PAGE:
Corvo/Rolfe is a lot of fun -- a Nabokov narrator in the unwholesome flesh! May I tempt you with a lovely online edition of his Don Tarquinio and my own enthusiastic response to the Symons biography?

26/9/05 16:30  
Blogger nnyhav said...

Ray, fact of the matter is, that very HotsyTotsy post planted the seed for me to pick up Symons, germinated through MacDonald. Corvo himself seems too exotic a hothouse bloom for my garden -- too many perennials to fill in first, and I've some way to go to work myself up to orchid fancier.

27/9/05 00:12  
Anonymous perezoso said...

Dwight MacDonald's Parody first introduced me

The McDonald text I discovered once in some dirty Woodland Hills bookstall--"Against the American Grain"--entertained and fascinated me to some extent; he's sort of Marxist, or at least materialist, and took great delight in disparaging the excesses of the day, i.e., the Beats and counterculture, and the sort of Tractors-are-Truth school of social realist as well. Or perhaps I misread it. Yet he also seemed opposed to Pound-Eliot-like elitism and the Bloomsbury school of Toryish nausea. I am not sure exactly what sort of writers McDonald did approve of: a Fitzgerald or DH Lawrence perhaps, vaguely Flaubertian realism, rife with eloquence and irony. I cannot stomach Lawrence's writing really, but I need to re-vist McDonald's oracle to determine if he, for instance, would have supported my contention that Poe is a superb writer, whose stories are at least the equal of Melville's saxony-Shakespeare meets Ezekiel pulp.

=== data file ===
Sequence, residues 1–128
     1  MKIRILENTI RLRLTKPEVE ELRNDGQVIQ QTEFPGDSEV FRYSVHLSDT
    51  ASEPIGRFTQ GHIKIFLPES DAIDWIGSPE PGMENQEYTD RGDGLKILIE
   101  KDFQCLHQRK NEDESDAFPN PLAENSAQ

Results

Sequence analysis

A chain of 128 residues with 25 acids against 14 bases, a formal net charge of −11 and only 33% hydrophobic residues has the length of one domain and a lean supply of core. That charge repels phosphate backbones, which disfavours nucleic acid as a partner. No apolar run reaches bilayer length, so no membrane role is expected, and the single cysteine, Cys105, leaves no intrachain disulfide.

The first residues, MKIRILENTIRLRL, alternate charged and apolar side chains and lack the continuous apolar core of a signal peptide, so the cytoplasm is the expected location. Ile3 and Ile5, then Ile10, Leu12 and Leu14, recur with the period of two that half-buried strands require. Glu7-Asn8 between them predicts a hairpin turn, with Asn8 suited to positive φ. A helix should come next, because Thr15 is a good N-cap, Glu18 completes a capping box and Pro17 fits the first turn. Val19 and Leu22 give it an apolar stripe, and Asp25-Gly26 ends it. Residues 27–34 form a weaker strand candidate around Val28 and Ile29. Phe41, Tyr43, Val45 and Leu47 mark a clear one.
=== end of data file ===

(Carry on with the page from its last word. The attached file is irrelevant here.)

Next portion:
28/10/05 13:27  
Blogger nnyhav said...

One day I'll have to pick up MacDonald's litcrit; a parody anthology is only implicitly such. But this very day I procured The Stuffed Owl, an anthology of (good) bad verse, which may be more critical ...

28/10/05 20:12